Pathogenesis and Radiobiology of Brain Arteriovenous Malformations: Implications for Risk Stratification in Natural History and Post-treatment Course

Achal S. Achrol, B.S.; Raphael Guzman, M.D.; Monika Varga, B.S.; John R. Adler, M.D.; Gary K. Steinberg, M.D.; Ph.D.; Steven D. Chang, M.D.


Neurosurg Focus. 2009;26(5):E9 

In This Article

Genetic Considerations

Genetic analyses have the potential to uncover underlying pathogenic mechanisms of BAVM that could enhance our understanding of vascular disease and identify novel targets for therapeutic intervention. Identification of genetic markers such as SNPs could improve the understanding of BAVM physiology and may be useful in the clinical treatment of patients with BAVMs.

It is likely that the growth and clinical behavior of BAVMs are under genetic influences from multiple modifying pathways that control vascular remodeling and vasculogenesis. For example, HHT is an autosomal dominant genetic disorder with a high prevalence of BAVM, representing an interesting example of genetic influences in the development of BAVM.[6,59] Whereas the incidence of sporadic BAVM in the normal population is estimated to be 0.01%, incidence in HHT2 is 1%, and in HHT1 it is 10%, highlighting the fact that genetic dysfunction in HHT represents a "hyper-risk factor" for development of BAVM.[6,59] The gene involved in HHT1 codes for endoglin, an accessory protein of transforming growth factor-β receptor complexes, whereas HHT2 involves the gene for ALK1, a transmembrane kinase.[59] The highly elevated risk of BAVM development among HHT patients suggests that germline variants of genes relating to these pathways could exert influence over risk for development of sporadic BAVMs. In fact, a common polymorphism in ALK1, thought to result in alternative splicing, has been associated with sporadic BAVM susceptibility,[74] suggesting that genetic variation in genes mutated in heritable BAVM syndromes may play a role in sporadic BAVMs. Furthermore, recent evidence suggests that ALK1 is associated with vascular remodeling and arterialization in response to hemodynamic changes,[81] and loss of function of this gene results in loss of distinct arterial and venous boundaries in mice.[83,86]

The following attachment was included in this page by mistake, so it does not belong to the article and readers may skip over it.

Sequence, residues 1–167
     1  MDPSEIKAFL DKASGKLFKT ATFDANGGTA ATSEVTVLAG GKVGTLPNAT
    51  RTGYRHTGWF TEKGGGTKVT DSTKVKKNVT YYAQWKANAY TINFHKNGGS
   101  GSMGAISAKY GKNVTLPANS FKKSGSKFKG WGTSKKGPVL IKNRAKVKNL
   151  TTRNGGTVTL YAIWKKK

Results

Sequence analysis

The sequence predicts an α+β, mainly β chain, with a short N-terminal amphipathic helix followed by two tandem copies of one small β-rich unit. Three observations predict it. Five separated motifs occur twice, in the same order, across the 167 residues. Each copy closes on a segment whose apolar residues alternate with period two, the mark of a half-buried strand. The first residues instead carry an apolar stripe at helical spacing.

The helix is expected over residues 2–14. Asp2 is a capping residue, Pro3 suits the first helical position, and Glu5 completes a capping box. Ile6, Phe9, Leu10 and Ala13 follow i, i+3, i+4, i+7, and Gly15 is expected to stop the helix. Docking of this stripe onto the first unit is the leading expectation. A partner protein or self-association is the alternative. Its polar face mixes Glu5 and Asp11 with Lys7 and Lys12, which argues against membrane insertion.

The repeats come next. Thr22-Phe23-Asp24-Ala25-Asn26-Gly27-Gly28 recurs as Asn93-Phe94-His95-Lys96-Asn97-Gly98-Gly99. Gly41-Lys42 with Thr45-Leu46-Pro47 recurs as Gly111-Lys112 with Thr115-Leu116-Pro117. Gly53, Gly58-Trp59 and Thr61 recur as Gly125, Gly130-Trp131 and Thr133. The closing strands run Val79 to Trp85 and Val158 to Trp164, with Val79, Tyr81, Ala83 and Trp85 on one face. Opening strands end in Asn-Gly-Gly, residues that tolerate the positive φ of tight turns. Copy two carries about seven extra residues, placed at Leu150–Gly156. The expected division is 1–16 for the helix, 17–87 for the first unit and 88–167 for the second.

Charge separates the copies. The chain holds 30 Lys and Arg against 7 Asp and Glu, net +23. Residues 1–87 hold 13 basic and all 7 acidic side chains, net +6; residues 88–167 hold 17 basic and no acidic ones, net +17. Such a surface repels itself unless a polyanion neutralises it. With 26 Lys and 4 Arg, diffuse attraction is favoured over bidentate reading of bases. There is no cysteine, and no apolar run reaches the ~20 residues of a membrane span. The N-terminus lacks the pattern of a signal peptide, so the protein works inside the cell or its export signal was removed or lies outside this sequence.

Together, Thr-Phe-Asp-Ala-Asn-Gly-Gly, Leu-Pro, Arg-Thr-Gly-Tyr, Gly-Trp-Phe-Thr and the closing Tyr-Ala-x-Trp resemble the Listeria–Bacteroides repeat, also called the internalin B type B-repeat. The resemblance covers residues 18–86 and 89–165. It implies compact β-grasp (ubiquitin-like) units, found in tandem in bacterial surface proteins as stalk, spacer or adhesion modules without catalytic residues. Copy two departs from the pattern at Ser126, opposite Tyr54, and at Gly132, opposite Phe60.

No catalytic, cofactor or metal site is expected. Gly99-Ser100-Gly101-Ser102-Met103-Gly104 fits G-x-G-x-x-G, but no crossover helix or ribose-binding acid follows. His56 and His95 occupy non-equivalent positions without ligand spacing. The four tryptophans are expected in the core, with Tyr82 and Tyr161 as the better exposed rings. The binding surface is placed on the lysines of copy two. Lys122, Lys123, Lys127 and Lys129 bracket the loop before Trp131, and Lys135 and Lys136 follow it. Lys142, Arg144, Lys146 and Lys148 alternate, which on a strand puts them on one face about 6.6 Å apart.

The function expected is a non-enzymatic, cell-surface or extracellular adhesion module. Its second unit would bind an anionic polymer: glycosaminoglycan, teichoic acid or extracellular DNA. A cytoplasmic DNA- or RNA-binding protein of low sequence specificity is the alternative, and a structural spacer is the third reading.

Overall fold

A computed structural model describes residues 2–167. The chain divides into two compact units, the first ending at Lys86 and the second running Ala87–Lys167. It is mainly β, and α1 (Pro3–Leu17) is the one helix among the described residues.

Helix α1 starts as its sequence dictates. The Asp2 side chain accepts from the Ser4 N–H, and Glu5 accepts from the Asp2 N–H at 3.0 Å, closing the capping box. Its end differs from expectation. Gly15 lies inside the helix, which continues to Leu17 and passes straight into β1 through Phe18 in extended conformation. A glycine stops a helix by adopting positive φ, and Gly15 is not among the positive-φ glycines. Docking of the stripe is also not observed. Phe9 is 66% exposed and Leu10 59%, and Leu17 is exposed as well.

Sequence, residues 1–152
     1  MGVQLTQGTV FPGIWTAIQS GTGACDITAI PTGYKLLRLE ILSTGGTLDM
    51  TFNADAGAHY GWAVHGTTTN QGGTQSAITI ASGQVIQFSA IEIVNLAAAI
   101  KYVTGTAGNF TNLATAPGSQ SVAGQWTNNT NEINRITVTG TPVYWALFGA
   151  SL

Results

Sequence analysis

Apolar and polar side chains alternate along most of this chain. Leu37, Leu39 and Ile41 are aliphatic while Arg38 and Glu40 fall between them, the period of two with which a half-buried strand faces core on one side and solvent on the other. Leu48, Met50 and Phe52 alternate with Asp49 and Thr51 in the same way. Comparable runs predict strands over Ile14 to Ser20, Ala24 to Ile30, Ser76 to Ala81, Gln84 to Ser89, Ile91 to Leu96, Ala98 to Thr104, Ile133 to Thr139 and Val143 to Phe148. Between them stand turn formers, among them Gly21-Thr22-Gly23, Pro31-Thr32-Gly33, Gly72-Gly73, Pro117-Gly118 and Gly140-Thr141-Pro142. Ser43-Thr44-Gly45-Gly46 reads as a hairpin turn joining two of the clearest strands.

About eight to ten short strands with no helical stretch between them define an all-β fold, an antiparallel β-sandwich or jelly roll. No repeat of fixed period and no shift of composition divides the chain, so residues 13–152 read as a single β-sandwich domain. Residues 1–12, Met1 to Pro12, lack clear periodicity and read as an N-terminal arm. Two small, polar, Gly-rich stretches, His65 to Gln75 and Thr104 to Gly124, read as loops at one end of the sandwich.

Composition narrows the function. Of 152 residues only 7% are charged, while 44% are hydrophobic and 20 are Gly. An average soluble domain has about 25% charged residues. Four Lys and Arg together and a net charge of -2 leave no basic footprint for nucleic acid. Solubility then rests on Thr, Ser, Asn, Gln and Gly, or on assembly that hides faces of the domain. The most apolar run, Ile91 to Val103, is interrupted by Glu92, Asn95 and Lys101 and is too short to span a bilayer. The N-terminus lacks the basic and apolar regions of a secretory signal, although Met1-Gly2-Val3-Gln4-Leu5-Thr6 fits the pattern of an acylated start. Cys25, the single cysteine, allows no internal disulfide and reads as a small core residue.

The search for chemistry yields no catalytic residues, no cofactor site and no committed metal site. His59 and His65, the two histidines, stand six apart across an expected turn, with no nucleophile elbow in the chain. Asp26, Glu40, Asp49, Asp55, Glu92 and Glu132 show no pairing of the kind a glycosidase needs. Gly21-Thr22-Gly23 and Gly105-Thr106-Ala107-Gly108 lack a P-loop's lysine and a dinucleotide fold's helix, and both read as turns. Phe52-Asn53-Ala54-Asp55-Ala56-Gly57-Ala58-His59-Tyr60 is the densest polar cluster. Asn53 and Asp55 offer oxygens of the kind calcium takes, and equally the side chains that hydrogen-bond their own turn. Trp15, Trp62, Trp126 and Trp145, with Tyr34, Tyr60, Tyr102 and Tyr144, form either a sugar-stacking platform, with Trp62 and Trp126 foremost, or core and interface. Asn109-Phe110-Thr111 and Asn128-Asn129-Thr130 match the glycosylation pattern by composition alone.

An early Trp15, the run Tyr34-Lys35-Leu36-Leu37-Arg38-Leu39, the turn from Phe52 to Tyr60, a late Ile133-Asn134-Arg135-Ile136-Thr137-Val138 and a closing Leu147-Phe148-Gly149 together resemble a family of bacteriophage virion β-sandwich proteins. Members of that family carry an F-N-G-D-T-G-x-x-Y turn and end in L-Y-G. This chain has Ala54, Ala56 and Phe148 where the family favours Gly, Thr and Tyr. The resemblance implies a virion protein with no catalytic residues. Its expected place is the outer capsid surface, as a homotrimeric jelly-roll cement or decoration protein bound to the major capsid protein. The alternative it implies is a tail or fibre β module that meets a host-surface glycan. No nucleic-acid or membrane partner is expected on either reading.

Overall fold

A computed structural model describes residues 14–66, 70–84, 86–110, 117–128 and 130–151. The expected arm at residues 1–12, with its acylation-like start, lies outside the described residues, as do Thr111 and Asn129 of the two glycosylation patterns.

Consistent with increasing evidence implicating inflammation in the pathophysiology of BAVM,[15,16,17,71] recent studies of promoter polymorphisms in inflammatory cytokine genes have included the following: 1) association of promoter polymorphisms in IL-1β with BAVM susceptibility;[50] 2) association of a promoter polymorphism in IL-6 with clinical presentation of ICH in BAVM and correlation of IL-6 mRNA and protein levels in resected AVM tissue with genotype;[16,75] and 3) association of promoter polymorphisms in tumor necrosis factor-α and apolipoprotein E2 with new ICH after diagnosis[2,73] as well as risk of posttreatment hemorrhage.[1] These results implicate inflammatory cytokines in pathological angiogenesis and AVM formation as well as risk of ICH in patients harboring BAVMs and highlight the role of genetic screening in elucidating biomechanisms of disease.

Future studies involving genetic analyses in BAVM will include the use of GWAS and high-density SNP arrays. This approach was recently applied to the study of intracranial aneurysms to identify genetic variants that showed significant association with intracranial aneurysms, with odds ratios of 1.24-1.36.[7] The GWAS approaches are now being applied in BAVM with the hope of uncovering underlying pathogenic mechanisms in this important disease.


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